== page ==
Nature offers a much-needed respite from the intensity of the pandemic for DEIDRE OLSEN and her mother.


The rhythm of the ocean’s sway beckoned us forward. Salt filled the air. A bright green carpet of skunk cabbage and moss blanketed the forest floor. The canopy of old-growth Sitka spruce, hemlock and western redcedar lined the trail’s edge, sheltering us from the drizzling rain above.

At San Josef Bay, I felt a million miles away from the grey, gloomy, suffocating city streets back home. For the first time in a long time, the outside world brought me an immeasurable sense of peace.

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My mother and I were on a three-day road trip on the west coast of British Columbia. She lives in Delta, a mainland municipality where the river meets the ocean. We packed her Ford Explorer with the essential supplies: food, clothes and a mattress to sleep on in the back of the truck, plus blankets and pillows. My tiny, elderly dog Padugi cozied up in the makeshift bed.

We reserved a spot on the 7 a.m. ferry and arrived nearly an hour early. Once on the boat, we put on our face masks, departed the vehicle and headed upstairs. The ferry used to be bustling, full of folks heading home or to the Island for a weekend getaway. This time, the atmosphere was somber. People either stayed inside their vehicles or kept apart from one another on board.

I felt melancholy and gratitude in equal measure as our ferry landed at Duke Point in Nanaimo. From here, it would be a six-hour drive to our destination on the northwest tip of Vancouver Island—Cape Scott Provincial Park. My mother and I wanted to go somewhere there’d be few people around so we could breathe in the open air.

The trip up-island was calming in every sense of the word. I felt relieved when my phone lost its signal. Before that moment, it had been so hard to be present—I felt like I was constantly on the edge of my seat waiting to see what would happen next. Finally cut off from the noise of social media and barrage of Covid-19 news, I sank into my seat and took a deep breath, eyes fixated on the coastline.

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If you want to fuel up and grab snacks or use your cellphone, Port Hardy is your last hope. From this town on the northeast coast of Vancouver Island, the highway becomes a gravel road filled with potholes. There is little-to-nothing but logging traffic and a short tour through the quaint town of Holberg for a 75-kilometre stretch.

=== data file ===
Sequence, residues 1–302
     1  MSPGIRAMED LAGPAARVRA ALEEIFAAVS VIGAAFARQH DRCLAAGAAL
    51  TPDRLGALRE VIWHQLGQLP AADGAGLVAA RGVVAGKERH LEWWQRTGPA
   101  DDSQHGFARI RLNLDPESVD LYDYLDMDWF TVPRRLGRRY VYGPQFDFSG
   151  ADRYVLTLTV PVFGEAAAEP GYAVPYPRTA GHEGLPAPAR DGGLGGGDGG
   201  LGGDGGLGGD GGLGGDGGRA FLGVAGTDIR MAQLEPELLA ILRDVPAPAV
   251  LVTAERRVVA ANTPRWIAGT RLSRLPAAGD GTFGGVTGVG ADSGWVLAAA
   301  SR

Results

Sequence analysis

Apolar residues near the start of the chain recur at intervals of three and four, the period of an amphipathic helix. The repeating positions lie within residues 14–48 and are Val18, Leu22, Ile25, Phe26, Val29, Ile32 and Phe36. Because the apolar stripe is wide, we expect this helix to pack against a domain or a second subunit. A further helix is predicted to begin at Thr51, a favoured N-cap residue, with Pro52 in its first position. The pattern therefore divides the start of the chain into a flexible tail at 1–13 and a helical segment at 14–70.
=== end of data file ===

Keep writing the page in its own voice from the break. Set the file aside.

As we drove deeper into the rainforest, I could feel my senses heightening. Rolling down the window, the air was crisper, the smell of the trees more potent and the sound of rain hitting the Earth louder. We came across several black bears and stopped to let them cross the road or to snap a quick picture. I was amazed by how quickly they disappeared into the foliage, camouflaged from view. I felt free to do the same: to retreat into nature.

We arrived in the early afternoon to find quite a few people coming and going at the parking lot. It was wet so we put on our raincoats and waterproof hiking boots. As Cape Scott Provincial Park is hike-in only and we were short on time, we opted for the 2.5-kilometre trek to San Josef Bay.

At my feet, Padugi ran beside me, tongue hanging out of her mouth in a joyful pant. I smiled at the sight of nursing logs breathing life into new trees. Beetles, lichen and fungi were hard at work helping old plant and animal life decompose to make way for the next generation.

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As we the trail, sand dunes greeted us. We climbed over one and both gasped in awe at the sight of the majestic beach. The stretch of golden sand was empty, save for a family with two children happily running and playing. I could picture what Tofino might have looked like long ago, before the swarms of tourists arrived and constructed oceanfront real estate.

In a place so pristine and untouched, I felt like I was both at the beginning and the end of time. We walked until we found ourselves at the feet of rock formations surrounded by tidal pools. These tall structures, weathered by the ocean, stood skinny at their bases. I could see how high the water would rise as the tide came in. I felt at the mercy of nature and ever so small.

My mother and I looked at each other and exhaled deep sighs in unison. We could feel the magic of nature and its powerful impact on us. It was incredible to be outside without the threat of Covid-19 lurking around every corner, to breathe in the fresh air without a mask on and not be worried about being in close proximity to others. Here, at Cape Scott Provincial Park, we found peace.



This article originally appeared in the Winter 2020 issue of Canadian Traveller.